Tyrie Smith found this old skateboard ad for Steve’s South Bay Sporting Goods in the 1976 Marvel Two-in-one comic book with the Thing and Ka-Zar. Fortunately for Skate and Annoy’s readers, Tyrie’s barber shop has a stack of comic books laying around. Steve’s South Bay also advertised in skateboard magazines. Hey gang! Here’s a chance to bring all the fun, action and excitement of skateboarding to your front door!
– Thanks to Tyrie Smith for the tip
The Silver Surfer has landed in London, which means Galactus can’t be far behind. I’m not going to lie to you, it looks bad for humanity. I hope the Silver Surfer is able to save us, and maybe afterwards he can get hooked up with a better filter. Silver but shots galore in the vid after the jump.
Two more from Vintage Toy Advertiser. On the left, an ad from a 1977 issue of the French comic book Pif Gadget with a contest to win among other things, one of 300 rolling surfboards AKA “surfs a roulettes” AKA skateboards. On the right, a crazy skateboard shirt from a 1978 issue of Pif Gadget. It’s 1978 and there’s no skyhooks on that skateboard. How did they get that photograph of an unobstructed bottom view of a skateboarder seemingly getting air? Was he skating on a sheet of plexiglass? It’s clearly just a rolling shot, so where’s the harness and the wires?
This from an advertisement for MPC snap together model kits featuring hot rods for Road Runner and Wile E. Coyote. The advert appeared in an 1972 edition of a comic book called The Unexpected.
In 1972 MPC models put out a snap together model with Roadrunner and Wile E. Coyote. Wile E’s kit came with a skateboard. In 2011 Round 2 Models put out a re-issue of the kit. Wile E. Coyote was a separate PVC vinyl character, but the skateboard still had to be assembled from the model kit. I have not been able to find any pictures of the original kit assembled, but there were only 3 colors used for it as well, black, green, and chrome.
In Stan Lee Presents – The Condor, Tony Valdez loses his parents and the use of his legs. Then, with the help of robotic legs and nanobots from the family business, he turns from professional skateboarder into the skateboarding crimefighter known as the Condor. The reviews for this straight to DVD release are not good. It already aired on Cartoon Network at least once, but you can watch it for free on Hulu while it lasts or rent it from YouTube. It’s horrible, unintentionally funny, and the main character is almost totally unlikeable. 10 minutes into the plot, the publisher of the “biggest extreme sports magazine” invites Tony to spend the night so she can make him a superstar. There’s quite a bit of PG-13 sexual innuendo, micro short skirts and heaving cleavage, but the overall quality of the animation, story and voice acting is so poor that it’s only going to appeal to a much younger, somewhat confused audience.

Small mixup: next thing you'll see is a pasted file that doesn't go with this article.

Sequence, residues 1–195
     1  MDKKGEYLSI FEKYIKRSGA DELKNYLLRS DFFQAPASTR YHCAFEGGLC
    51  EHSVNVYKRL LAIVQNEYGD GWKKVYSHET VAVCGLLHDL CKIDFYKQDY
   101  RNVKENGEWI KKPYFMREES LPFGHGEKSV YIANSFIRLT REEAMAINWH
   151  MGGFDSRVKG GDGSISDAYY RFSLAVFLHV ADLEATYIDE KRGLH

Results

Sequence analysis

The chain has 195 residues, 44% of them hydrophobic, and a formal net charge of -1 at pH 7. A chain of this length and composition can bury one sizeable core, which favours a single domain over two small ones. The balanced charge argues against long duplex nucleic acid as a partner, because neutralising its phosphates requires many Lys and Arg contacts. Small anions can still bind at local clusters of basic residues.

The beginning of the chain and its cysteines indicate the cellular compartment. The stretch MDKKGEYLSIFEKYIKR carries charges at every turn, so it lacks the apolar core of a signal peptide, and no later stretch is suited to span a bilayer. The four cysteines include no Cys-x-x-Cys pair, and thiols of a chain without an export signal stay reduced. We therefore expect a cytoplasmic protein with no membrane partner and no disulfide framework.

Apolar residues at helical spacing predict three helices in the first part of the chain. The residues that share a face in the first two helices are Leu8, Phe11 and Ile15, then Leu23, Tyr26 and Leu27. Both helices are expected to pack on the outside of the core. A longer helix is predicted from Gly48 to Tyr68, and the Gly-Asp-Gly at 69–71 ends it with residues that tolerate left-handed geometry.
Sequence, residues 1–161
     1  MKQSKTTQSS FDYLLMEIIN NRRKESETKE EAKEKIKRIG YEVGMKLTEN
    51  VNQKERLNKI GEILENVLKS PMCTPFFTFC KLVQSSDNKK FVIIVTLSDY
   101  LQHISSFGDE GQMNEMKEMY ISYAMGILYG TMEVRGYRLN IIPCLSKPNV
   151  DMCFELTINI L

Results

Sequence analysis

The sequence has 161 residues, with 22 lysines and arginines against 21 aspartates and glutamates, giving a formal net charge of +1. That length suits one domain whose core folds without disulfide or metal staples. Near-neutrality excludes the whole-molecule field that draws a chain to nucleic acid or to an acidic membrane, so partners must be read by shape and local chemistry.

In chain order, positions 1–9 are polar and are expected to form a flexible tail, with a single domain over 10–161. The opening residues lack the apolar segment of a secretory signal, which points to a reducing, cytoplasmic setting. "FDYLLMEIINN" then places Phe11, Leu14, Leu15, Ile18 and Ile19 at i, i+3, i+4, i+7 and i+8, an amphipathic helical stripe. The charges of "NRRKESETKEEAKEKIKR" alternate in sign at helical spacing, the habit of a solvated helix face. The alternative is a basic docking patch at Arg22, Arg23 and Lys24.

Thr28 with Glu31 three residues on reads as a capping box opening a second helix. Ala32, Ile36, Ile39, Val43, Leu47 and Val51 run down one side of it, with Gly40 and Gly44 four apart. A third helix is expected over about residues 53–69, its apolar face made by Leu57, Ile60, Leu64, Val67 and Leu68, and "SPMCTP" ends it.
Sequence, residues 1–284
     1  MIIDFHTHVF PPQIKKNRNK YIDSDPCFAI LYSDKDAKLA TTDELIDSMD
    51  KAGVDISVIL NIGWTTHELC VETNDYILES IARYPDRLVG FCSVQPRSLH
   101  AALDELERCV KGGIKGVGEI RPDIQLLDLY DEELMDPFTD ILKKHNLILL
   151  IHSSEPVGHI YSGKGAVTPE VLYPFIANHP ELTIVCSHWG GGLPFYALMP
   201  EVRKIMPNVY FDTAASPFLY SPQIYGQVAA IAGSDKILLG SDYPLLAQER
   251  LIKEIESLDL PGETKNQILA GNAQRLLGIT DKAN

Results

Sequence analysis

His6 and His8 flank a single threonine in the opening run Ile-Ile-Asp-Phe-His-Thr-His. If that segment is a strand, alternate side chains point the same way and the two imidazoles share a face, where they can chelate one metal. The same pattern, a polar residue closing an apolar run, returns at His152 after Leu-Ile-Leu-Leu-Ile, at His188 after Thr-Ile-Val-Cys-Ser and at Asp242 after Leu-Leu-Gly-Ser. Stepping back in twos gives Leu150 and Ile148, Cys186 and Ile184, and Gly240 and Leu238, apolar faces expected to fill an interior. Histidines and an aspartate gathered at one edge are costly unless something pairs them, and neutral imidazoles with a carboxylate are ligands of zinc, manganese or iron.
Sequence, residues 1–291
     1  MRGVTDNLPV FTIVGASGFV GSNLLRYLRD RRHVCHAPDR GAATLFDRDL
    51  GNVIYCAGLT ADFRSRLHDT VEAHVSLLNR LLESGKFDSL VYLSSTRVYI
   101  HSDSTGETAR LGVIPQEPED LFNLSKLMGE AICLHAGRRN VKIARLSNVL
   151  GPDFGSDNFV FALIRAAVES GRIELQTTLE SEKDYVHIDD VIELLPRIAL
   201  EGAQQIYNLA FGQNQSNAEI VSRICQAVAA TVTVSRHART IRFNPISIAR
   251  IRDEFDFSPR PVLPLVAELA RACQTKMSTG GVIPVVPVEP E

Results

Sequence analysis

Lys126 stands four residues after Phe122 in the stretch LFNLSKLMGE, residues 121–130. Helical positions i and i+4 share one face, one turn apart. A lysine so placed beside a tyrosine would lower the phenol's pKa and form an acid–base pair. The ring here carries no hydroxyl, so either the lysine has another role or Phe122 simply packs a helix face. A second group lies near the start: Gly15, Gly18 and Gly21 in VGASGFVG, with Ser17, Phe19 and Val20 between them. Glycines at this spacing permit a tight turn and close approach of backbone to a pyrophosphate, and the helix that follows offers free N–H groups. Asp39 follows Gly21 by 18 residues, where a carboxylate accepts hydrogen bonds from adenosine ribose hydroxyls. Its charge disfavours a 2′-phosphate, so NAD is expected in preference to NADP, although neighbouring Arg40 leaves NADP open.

This is a 1978 comic book advertisement for a skateboard good luck charm as seen on Etsy. Apparently we skateboarders had some sort of creed that the manufacturer of this charm was willing to send you a hard copy of, along with a list of terminology. What does it mean when a pro says “coping,” “go for it,” “eat it,” or “Kick flip?” I guess I’ll never know.
– Thanks to David ODK for the tip.
Bart Simpson rides a skateboard. Yes that’s the oldest of skateboarding in pop culture news, but this shot of Krusty the Clown jumping Springfield Gorge is a major scoop. I don’t think you understand the magnitude of this discovery people! I’m starting my Nobel Peace Prize acceptance speech tonight! Bonus Simpsons detritus after the jump, including DVDs and fingerboards.
I bought this copy of Superkernel, Volume 4 #12 on Ebay, hoping there would be more skateboarding inside this obscure title. Sadly, the original seller had since passed away. His wife was unable to locate this and many other items he had listed for sale. As I was about to post this, I found another one for sale. Superkernel was a comic book made by Guy and Brad Gilchrist. published by Weekly Reader Books. I first became aware of this comic over at Time Passages Nostalgia. I was bout to let them know that they had incorrectly given the date of the skateboard cover as 1978, because my copy says 1980, but when I looked closer I found out they used the same cover twice. Up top is Superkernel Volume 4, Number 12 from 1980. There are no additional skateboard illustrations in that issue, but maybe there are in the first issue, Volume 2 #11 from 1978.
Another installment in the long history of Mad Magazine skateboard as comic vehicle. This is Spy vs Spy. Jr in Reversin’ Surfin’ from the 2007 compendium Spy vs. Spy 2: The Joke and Dagger Files. Yes “Hip” is the sound every skateboarder makes when ollieing. The onomatopoeia is not actually part of the gag, but it’s actually funnier than the gag by far. It could be a good premise for a video skit. Check out the full spread after the jump.
– Thanks to MC for the photo.